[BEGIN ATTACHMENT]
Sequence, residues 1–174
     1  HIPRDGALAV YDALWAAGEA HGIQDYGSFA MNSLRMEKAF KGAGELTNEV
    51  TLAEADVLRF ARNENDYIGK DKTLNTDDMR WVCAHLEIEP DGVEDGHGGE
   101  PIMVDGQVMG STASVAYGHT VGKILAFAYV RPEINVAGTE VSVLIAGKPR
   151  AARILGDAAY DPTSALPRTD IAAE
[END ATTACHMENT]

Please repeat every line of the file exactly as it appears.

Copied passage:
Sequence, residues 1–174
     1  HIPRDGALAV YDALWAAGEA HGIQDYGSFA MNSLRMEKAF KGAGELTNEV
    51  TLAEADVLRF ARNENDYIGK DKTLNTDDMR WVCAHLEIEP DGVEDGHGGE
   101  PIMVDGQVMG STASVAYGHT VGKILAFAYV RPEINVAGTE VSVLIAGKPR
   151  AARILGDAAY DPTSALPRTD IAAE